Fried Nirvana?

An account of the Monte Cristo.

Christopher Hirsheimer

People tend to have strong opinions about the Monte Cristo sandwich—which is, of course, a double-decker of swiss cheese, baked ham, and chicken or turkey, buttered, batter-dipped, panfried or deep-fried, then dusted with confectioners' sugar and served with jelly on the side. Some consider it a marvel (I once heard it described as "fried nirvana"); others, an absurdity ("Why?"). Whatever else it may be, though, it is a stunning gastro-architectural creation, requiring careful assembly and, at the table, a knife and fork. One would assume that its origins would be well documented. They aren't.

It does seem pretty safe to say that the sandwich has nothing to do with the tiny Italian island of Montecristo, nor with the Bolivian town of Monte Cristo. Neither is there any apparent link with Alexandre Dumas's The Count of Monte Cristo—though that novel, published in 1845, did inspire a crop of movies, the most famous being the Robert Donat version, which appeared in 1934, somewhat before the sandwich came into vogue. One theory holds that the Monte Cristo is a Californian elaboration on the croque-monsieur (itself created in Paris in 1910); another possibility is that it derived from the Neapolitan battered and fried cheese sandwich called mozzarella in carrozza—which might sound a bit like "Monte Cristo" to a foreign ear.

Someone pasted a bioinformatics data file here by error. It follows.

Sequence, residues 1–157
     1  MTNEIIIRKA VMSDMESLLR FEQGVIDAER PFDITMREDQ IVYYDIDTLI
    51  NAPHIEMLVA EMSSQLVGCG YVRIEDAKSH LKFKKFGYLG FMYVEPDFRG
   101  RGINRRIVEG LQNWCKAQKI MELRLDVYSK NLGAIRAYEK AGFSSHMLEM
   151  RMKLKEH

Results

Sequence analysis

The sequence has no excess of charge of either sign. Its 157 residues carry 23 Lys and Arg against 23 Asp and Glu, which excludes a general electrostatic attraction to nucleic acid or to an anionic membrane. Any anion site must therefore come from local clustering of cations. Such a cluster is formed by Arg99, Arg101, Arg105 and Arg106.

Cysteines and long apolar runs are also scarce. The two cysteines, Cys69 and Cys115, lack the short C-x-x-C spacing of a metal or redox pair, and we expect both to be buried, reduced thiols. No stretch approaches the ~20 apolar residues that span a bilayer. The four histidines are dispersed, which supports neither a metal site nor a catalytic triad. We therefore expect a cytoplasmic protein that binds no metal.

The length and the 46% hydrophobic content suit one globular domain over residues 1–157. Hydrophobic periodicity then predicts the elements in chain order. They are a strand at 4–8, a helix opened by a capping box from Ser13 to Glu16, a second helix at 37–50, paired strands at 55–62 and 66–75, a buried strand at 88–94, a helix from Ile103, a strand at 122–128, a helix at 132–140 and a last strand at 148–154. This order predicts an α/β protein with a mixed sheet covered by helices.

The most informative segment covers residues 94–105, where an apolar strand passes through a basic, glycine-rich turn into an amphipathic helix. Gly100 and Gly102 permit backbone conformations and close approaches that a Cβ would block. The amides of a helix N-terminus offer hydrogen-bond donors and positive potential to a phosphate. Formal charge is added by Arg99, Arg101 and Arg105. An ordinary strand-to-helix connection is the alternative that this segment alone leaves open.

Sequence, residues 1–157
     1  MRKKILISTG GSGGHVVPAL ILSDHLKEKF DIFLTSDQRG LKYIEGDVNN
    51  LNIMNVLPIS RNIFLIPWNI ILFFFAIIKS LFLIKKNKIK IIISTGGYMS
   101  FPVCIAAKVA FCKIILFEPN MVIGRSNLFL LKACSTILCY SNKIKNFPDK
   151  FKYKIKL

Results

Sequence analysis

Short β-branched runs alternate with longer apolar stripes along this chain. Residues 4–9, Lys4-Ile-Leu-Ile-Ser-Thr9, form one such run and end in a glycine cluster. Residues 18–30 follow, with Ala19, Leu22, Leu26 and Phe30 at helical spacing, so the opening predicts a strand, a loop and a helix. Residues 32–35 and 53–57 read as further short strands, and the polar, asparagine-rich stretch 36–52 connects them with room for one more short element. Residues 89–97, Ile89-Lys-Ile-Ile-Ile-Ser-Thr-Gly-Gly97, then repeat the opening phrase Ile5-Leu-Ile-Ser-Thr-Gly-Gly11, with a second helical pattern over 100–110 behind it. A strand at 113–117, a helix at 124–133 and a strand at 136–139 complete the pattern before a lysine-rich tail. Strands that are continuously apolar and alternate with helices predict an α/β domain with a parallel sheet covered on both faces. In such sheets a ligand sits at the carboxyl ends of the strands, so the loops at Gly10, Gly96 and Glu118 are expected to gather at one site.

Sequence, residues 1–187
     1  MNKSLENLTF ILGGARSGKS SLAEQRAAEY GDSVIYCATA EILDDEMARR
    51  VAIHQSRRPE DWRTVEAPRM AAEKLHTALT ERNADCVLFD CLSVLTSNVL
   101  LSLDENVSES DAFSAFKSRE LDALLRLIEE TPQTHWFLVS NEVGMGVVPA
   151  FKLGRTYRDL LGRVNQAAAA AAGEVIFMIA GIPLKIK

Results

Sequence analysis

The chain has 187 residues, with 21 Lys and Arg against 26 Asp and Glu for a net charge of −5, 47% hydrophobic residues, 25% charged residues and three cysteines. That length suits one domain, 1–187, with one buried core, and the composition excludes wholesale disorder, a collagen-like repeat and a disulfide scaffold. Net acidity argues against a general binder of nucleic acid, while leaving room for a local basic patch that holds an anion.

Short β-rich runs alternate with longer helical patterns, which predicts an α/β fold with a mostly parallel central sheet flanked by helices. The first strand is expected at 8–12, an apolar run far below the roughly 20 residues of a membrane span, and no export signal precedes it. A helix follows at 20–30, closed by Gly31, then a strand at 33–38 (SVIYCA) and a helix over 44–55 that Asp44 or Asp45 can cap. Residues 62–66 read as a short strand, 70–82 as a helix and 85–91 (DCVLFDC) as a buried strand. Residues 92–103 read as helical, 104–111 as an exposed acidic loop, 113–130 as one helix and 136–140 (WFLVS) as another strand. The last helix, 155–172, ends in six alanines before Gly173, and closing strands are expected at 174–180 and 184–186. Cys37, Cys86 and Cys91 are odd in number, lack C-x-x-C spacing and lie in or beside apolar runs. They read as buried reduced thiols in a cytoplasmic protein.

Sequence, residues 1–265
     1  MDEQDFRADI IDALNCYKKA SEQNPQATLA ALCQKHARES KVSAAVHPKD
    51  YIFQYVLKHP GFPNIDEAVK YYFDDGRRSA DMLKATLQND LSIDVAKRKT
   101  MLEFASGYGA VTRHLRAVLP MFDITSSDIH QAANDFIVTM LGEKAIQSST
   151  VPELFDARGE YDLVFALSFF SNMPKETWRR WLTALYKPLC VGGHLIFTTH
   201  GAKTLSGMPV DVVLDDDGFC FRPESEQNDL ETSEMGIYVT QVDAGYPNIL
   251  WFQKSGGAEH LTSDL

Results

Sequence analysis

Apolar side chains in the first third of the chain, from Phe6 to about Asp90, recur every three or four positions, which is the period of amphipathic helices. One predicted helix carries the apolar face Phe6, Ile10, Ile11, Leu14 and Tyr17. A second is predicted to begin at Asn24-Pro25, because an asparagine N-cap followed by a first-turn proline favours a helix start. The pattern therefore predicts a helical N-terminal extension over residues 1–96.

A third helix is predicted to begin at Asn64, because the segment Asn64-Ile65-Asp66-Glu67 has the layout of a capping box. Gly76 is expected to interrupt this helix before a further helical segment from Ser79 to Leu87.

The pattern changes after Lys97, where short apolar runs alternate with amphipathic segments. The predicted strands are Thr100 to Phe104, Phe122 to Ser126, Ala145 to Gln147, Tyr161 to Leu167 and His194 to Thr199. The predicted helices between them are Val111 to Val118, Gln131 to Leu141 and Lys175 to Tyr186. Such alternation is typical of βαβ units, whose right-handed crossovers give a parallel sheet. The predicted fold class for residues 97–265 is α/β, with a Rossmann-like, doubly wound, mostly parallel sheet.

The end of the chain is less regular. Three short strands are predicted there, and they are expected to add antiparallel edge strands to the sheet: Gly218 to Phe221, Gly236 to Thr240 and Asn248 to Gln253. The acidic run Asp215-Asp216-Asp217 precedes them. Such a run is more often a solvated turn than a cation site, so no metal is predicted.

Wherever it came from, by the '50s it could be found in diners and hotel dining rooms across America. Helen Evan Brown, in her West Coast Cook Book (1952), suggests that the Monte Cristo originated in San Francisco; she includes not only the basic sandwich, but also the Monte Carlo (made with tongue) and a cocktail variant called the Monte Benito. Sadly, the Monte Cristo almost disappeared in the fat-conscious '80s. Will we see a comeback? We hope so.